Galway Advertiser 1997/1997_07_03/GA_03071997_E1_019.pdf 

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Galway Advertiser 1997/1997_07_03/GA_03071997_E1_019.pdf

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Galway goats Counting traffic help African aid
GALWAY GOATS will this week be grazing on the slopes of Kilimanjaro thanks to the fund raising efforts of Bothar. The anti-famine organisa tion regularly sends dairy goats and cattle to famineprone areas of Africa in an effort to provide local farm ers with the beginnings of a dairy herd. Bothar says its aim in air lifting dairy stock to Africa is to provide a steady food and milk supply for fami lies in the region which is constantly poised on the knife edge between starva tion and survival. "It is a long-term and prac tical solution to poverty," says the organisation which depends on public support to be able to carry on ship ping livestock to the conti nent. The most recent shipment included the 500th goat to be donated to a needy fami ly since the project was established in 1991 - paid for by the efforts of the pupils of a Dublin school who decided to call him Joey. And the shipment included 36 goats from County Galway. Irish goats and cattle have proved them selves very adaptable Bothar says they thrive in the weather conditions and produce higher milk yields than local breeds. According to Bothar, this makes them highly sought after among local farmers. Under the B6thar scheme goats are distributed indi vidually to poverty-stricken African families. Each goat and her off-spring will pro vide milk, meat and fertilis er for many years to come. Under the Bothar scheme the recipient family required to pass on the first female off-spring to another impoverished family in their community. The scheme, says Bothar came about because of feedback that aid volunteers were sending from the Third World. "B6thar, in responding to this call, is helping one family at a time," says Peter Ireton of the B6thar office in Limerick. QUIRKE ROAD action group is to conduct a traffic count on Seamus Quirke Road to highlight to the city council the amount of traffic the road actually carries. The results of the traffic count will be given to the city council to stress the need for immediate action to improve the safety stan dards on the road. The proposals which have Do on w ant to join the W ateh ELITE'? space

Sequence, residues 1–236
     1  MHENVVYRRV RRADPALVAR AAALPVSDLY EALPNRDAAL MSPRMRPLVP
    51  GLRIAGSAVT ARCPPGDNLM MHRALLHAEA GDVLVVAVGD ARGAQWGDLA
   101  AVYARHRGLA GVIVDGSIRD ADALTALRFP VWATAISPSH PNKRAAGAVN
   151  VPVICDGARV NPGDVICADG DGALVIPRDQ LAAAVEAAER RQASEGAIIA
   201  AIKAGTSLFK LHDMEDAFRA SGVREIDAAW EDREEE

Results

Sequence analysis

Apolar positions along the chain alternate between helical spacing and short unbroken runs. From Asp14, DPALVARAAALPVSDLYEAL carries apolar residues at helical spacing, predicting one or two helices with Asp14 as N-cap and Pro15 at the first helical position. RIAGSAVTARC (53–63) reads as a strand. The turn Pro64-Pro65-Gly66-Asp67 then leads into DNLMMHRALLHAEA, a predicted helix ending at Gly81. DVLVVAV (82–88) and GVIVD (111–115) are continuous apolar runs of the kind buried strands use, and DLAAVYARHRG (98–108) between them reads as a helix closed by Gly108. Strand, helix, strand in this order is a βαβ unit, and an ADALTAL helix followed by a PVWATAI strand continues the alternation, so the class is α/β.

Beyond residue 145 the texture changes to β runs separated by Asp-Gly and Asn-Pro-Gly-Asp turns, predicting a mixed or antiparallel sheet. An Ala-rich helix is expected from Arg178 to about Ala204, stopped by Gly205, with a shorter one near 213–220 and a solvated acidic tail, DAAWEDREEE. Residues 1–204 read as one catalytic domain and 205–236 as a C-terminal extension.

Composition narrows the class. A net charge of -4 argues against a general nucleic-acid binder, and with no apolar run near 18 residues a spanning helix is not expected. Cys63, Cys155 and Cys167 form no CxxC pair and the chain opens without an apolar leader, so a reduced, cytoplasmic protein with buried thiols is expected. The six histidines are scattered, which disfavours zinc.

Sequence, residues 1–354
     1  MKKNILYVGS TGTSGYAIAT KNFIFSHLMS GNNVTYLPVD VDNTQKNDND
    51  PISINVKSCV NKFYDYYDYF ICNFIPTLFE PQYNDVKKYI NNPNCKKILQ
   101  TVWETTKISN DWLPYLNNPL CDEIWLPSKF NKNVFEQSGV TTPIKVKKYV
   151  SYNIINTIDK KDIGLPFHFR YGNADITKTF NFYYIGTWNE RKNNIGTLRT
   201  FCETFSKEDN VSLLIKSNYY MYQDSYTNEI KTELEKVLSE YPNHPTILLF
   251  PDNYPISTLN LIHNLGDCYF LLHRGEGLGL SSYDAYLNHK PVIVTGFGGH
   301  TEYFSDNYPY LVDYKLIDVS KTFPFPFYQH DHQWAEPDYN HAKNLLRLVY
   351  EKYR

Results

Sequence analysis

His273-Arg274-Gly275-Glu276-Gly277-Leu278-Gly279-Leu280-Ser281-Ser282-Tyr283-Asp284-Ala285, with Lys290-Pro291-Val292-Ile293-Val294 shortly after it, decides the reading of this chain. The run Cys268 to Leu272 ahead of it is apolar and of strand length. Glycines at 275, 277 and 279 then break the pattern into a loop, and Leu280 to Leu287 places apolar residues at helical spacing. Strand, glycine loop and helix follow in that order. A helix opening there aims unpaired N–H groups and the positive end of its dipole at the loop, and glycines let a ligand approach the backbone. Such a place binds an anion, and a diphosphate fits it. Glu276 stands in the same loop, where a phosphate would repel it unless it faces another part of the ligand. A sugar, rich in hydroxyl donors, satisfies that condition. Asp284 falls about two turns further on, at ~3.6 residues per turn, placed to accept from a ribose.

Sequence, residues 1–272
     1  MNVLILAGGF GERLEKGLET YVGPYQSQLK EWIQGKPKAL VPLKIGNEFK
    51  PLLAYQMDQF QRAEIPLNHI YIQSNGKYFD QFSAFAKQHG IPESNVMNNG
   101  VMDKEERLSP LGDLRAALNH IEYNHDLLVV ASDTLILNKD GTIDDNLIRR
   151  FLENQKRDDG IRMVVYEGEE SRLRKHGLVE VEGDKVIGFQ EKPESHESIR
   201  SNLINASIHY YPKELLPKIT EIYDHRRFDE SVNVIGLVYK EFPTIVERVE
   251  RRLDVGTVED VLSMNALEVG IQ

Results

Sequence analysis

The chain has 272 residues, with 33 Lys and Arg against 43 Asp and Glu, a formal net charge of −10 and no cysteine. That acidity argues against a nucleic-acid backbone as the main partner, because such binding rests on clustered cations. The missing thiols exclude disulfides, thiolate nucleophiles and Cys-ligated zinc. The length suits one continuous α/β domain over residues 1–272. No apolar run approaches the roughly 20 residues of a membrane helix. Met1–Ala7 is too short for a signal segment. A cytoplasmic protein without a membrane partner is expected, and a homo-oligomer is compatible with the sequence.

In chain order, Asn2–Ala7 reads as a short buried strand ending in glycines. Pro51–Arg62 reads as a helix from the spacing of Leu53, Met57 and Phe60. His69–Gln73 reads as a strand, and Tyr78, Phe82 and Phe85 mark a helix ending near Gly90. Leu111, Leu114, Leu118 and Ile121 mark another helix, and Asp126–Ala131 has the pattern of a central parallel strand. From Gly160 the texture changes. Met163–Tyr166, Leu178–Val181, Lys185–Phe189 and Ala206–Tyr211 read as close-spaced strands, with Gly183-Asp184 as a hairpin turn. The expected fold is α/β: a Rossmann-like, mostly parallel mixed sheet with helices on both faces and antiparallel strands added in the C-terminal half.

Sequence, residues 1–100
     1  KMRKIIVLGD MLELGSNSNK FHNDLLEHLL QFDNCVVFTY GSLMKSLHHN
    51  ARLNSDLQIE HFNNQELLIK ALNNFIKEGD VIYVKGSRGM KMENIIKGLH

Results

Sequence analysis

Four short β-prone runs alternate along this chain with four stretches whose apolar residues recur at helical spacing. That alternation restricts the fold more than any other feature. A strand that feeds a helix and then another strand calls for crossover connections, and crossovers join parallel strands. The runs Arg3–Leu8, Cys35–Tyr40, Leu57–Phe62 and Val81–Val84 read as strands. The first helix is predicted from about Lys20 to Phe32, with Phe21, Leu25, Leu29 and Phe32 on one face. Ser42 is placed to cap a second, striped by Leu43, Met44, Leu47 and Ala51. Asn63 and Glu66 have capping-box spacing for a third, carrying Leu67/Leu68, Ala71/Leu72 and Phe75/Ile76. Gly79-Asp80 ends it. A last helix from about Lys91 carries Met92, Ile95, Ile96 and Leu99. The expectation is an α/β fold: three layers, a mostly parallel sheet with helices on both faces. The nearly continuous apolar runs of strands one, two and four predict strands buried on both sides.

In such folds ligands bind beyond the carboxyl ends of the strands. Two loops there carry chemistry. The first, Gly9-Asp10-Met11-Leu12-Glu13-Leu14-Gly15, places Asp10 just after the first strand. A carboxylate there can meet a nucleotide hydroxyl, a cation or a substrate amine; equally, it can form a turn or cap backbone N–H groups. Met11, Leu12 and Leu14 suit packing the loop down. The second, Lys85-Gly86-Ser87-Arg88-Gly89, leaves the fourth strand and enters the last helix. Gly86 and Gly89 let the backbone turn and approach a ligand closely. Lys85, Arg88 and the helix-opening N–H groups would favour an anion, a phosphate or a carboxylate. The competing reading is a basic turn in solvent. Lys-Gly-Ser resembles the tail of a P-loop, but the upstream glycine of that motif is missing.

been requested by the group include rumble strips and permanent traffic lights. The group is asking for assistance to carry out the task and to contact mem bers if they wish to help. The group would also like to thank the city manager for the temporary traffic light signs which were recently put on the road.

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 Galway Advertiser 1997 / 1997_07_03